|On the chopping block?|
Yesterday Da Horsey wrote this:
"There's valid arguments made on both sides but one striking factor is clear from the proponents of the new charter. There's little or no concern on the impact to the vast majority of district students in creating a new charter to benefit themselves."
That's what GA calls the elephant in the room: the impact on Hoboken Public school students.
Some (not all) of those supporting a new district acknowledge the elephant, but say that numbers march from one balance sheet onto another ("the money follows the child") and no one gets hurt.
Is that true? What is the impact of a new charter on the Hoboken public schools?
To answer those questions, we need a person who is knowledgeable and objective- with no interest in the outcome- political or otherwise.
Enter retired Hoboken B.A. Robert Davis.
For those who don't want to watch the 12-minute video of his comments at the May 8th BoE meeting, I'll summarize for you.
Davis served as the Assistant Commissioner of Finance to NJ Governor Florio in 1993-1994 and then was asked to stay on by Governor Whitman.
Davis was part of the team who created charters in NJ. The creation of charters was prompted by these state takeovers:
- 1989- Jersey City Public Schools
- 1991- Patterson Public School System
- 1995- Newark Public School System
Or as he put is: "Charters were founded in New Jersey in the context of meeting the educational needs of kids in Newark, Patterson, and Jersey City".
Davis compared charters in Hoboken to magnet schools in Montclair where "each parent feels the school is meeting the unique needs of what they think their child should have as a program".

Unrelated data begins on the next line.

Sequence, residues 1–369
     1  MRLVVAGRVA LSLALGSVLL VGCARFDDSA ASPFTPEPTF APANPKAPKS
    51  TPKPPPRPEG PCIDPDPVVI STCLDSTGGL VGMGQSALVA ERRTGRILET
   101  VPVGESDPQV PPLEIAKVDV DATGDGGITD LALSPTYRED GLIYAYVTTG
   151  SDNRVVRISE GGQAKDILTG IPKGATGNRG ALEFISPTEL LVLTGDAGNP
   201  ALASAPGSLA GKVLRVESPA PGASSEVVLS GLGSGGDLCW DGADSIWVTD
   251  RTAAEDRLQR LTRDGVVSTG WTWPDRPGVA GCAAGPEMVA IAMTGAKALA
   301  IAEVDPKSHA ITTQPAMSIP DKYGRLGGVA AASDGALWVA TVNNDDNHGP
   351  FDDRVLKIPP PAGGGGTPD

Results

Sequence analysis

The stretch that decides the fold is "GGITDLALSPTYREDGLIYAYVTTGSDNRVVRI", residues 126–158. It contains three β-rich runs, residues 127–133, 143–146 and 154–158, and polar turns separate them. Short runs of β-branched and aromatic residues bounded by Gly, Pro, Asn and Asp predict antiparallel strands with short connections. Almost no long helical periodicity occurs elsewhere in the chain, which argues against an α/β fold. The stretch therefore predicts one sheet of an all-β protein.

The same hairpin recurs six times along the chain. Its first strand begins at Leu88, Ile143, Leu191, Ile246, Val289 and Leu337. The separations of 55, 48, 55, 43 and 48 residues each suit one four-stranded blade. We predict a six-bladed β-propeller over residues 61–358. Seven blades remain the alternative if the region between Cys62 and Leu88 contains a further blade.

Davis feels that in Hoboken, the notion of a Charter school- a political solution to meeting the educational needs of poor children who could not afford private school- has morphed into a magnet school model. Here's what he said about Hoboken's charters:
"They are not charter schools, they are magnet schools."
Remember as you watch, Davis was not there as an advocate. He is impartial in this debate.
Partial transcription of former B.A. Davis' remarks on May 8, 2012:
"Whoever said the public schools are not impacted, and the money follows the student, and there's no impact on the public schools, I can tell you that having prepared your last 3 budgets they don't know what they're talking about.
There you go.I prepare a budget for you each year with the expected increases in salaries, supplies, contractors' services- everything if we operated as we did this year. And with that we try to keep the tax levy flat and get the state aid numbers certified and we hope to move from there.The last number I get is the allocation to charter schools.So when the whole budget is developed, go back and look at the document you got.In 2010-11, at the last moment we're told your allocation for charter schools is $4.9 million.This year, at the last moment we were told it's $6 million.Next year's budget we're told at the last minute it's $7.2 million.So now at the last moment my allocation for charter schools has to go up from $6 million to $7.2 million. Those of you on the Finance Committee and I think I met with other Board members separately also, you know that we had to make a lot of adjustments to accommodate that.